Thursday, April 21, 2011

Life with a Mac, Day 3

It doesn't take too many days with a Mac to understand that Windows is a Mac-derivative, not that there's anything wrong with that. The arrangement of the files/folders/computer is instinctively easy for a former Win-guy to understand.

It's interesting that there seems to be one relatively simple means of accomplishing anything. Another tech example is Gmail. I love Gmail. I like having all the spam floating around the webber-net out there rather than being downloaded onto my computer. But I never used Gmail regularly until it was changed to add "Labels," which is google-speak for "Folders." Then it began to make sense for me.

Mac gazes out the window
I used a Mac in the late 1980s for a summer when helping out with a local newspaper start-up, but I was uncomfortable then with its simplicity. That was back in the days when PCs required working from the C:/ prompt.

What's also impressive about the MacBook is its sturdiness. It feels solid in comparison to the plastic world of over-the-counter PCs. My little Acer works fine, but I've used it several hours a day for two years, and the keyboard is warped.

Part of the ease of swimming over to the Mac island has been my quest to install familiar programs. I use Firefox and OpenOffice. Both are now on this machine, despite Apple representative's endorsement of M/S Word. I went cold turkey. So far, so good.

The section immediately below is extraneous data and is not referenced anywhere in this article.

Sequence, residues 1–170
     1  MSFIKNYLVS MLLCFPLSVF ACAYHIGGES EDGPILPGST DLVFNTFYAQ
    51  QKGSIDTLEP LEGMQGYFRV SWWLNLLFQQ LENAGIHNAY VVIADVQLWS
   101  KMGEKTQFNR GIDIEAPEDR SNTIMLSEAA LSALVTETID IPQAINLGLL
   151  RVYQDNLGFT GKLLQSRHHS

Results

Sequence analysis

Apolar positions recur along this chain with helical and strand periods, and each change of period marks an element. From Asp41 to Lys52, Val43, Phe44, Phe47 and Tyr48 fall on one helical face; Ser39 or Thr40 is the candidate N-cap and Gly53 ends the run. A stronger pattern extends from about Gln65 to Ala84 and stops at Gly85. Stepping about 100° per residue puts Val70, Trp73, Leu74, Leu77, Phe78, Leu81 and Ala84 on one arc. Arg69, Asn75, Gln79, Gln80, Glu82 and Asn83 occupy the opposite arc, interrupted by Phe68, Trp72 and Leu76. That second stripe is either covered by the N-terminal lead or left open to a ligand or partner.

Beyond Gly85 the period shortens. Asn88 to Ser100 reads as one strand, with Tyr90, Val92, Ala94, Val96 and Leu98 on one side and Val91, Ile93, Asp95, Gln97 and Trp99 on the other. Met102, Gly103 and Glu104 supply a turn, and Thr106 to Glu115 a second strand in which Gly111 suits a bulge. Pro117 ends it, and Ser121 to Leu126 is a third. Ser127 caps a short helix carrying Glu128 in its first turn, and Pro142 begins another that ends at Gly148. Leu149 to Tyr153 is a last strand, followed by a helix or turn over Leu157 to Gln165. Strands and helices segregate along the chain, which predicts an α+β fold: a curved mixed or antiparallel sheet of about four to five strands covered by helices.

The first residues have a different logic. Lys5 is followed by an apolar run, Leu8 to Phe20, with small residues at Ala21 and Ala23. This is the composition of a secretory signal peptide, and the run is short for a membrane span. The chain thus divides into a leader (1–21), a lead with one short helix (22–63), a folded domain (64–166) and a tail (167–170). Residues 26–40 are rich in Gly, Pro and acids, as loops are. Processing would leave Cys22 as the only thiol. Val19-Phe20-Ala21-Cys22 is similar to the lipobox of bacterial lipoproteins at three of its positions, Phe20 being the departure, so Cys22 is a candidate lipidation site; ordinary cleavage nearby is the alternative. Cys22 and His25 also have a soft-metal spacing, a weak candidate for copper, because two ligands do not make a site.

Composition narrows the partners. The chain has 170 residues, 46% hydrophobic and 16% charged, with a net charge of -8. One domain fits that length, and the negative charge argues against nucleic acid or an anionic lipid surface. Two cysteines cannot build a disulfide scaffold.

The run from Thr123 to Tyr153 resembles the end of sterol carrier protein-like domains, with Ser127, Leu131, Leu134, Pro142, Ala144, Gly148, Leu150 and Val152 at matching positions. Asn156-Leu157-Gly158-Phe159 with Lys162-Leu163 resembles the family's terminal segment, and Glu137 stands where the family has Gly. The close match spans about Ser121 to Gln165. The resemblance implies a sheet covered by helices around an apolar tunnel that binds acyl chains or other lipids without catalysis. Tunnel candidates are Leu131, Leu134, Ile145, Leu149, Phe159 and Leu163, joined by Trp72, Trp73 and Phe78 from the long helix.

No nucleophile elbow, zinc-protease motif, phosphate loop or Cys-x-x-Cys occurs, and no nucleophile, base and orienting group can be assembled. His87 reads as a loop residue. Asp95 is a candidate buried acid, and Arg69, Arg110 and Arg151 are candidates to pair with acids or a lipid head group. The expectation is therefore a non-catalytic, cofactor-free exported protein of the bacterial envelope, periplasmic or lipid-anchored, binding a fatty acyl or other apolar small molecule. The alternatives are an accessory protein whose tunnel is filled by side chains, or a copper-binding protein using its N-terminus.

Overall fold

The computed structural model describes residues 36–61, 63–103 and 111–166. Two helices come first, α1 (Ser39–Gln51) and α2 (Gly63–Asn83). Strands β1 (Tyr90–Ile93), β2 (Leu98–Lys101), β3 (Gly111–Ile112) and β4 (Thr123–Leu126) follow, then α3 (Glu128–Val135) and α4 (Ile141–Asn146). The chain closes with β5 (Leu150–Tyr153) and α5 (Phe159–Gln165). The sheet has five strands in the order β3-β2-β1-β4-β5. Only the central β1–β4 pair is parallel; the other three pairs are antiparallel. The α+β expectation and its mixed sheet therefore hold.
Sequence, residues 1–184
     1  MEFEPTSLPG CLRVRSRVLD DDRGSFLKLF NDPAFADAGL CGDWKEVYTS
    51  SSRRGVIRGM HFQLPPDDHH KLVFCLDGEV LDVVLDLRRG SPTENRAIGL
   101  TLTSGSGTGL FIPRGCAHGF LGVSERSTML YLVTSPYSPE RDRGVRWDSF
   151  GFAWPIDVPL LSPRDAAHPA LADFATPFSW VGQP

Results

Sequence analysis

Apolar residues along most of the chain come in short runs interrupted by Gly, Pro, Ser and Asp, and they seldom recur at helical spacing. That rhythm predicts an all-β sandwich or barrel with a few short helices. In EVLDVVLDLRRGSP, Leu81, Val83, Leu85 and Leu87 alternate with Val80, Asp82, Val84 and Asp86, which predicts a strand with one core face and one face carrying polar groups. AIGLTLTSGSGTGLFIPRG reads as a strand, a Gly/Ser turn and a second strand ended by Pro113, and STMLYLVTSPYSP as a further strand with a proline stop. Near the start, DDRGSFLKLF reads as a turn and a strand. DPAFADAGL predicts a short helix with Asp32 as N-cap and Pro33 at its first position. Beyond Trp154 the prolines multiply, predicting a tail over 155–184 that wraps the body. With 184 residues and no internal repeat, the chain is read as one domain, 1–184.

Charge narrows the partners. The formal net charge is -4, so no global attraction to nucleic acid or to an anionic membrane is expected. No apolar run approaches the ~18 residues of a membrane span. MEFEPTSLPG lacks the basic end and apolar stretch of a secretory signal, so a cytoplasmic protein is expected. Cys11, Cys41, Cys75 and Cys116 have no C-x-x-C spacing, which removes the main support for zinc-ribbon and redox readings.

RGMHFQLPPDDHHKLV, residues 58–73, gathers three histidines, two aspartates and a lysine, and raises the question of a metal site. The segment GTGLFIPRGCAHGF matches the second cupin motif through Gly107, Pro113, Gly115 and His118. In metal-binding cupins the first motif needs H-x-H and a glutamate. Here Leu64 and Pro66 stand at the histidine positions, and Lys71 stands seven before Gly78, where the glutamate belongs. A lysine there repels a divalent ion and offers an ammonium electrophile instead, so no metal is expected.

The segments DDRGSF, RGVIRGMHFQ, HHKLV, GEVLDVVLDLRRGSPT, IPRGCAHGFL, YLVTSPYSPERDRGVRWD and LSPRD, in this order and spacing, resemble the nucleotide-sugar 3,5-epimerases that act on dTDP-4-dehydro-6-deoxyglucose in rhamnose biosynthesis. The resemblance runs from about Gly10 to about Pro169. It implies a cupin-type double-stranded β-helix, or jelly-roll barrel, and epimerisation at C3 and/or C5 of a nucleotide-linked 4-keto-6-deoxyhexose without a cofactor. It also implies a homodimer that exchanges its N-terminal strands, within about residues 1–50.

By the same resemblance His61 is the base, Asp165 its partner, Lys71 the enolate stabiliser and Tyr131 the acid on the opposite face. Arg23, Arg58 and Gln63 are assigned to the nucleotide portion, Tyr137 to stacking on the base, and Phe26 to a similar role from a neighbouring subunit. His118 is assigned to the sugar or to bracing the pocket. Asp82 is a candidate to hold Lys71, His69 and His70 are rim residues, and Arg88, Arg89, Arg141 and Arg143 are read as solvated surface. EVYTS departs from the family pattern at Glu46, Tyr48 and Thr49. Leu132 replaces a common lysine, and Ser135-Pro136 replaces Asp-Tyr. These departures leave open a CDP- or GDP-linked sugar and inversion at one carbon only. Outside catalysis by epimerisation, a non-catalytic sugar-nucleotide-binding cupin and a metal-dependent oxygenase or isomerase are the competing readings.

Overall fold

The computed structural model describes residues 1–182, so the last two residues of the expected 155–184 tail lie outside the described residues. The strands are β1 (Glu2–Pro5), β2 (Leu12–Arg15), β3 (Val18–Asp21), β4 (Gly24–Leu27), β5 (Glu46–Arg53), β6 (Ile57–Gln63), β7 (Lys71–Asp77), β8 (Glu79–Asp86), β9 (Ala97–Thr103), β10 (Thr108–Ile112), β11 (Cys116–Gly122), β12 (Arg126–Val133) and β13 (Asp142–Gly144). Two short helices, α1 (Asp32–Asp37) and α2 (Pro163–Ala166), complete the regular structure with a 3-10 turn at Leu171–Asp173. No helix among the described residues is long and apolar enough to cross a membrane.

1. Battery power has lasted through two 3-hour sessions and two nights of sleep.
  2. Keyboard still needs to be trained to fit my hands.
  3. File transfers being accomplished by thumb drive.
  4. Why? Because Carbonite back-up service will allow download to a new computer, but it does not have the capability to upload from one platform and download to another.
  5. Some things are instinctively so simple I get lost. An example? Plug in a thumb drive and an icon appears on the desktop.
  6. Some people get confused by the double menu.
  7. Some people cannot find the "Home" and "End" key function.
  8. Some people had to ask how to mimic the right-click common on PCs.
  9. Some people cannot figure out how to differentiate between enlarging font in a specific program and enlarging the default system fault.
  10. Some people need new prescription lenses.

1 comment:

Maggie said...

When I switched 18 months ago, there was a program called Belkin Switch To Mac which came with a cable -- I plugged the cable into my new Mac and my old Dell running Windows and it migrated nearly all the files.

And would you tell me the difference between enlarging font in a specific program and enlarging the default system font? and how to re-enlarge it after I've accidentally shrunk it all?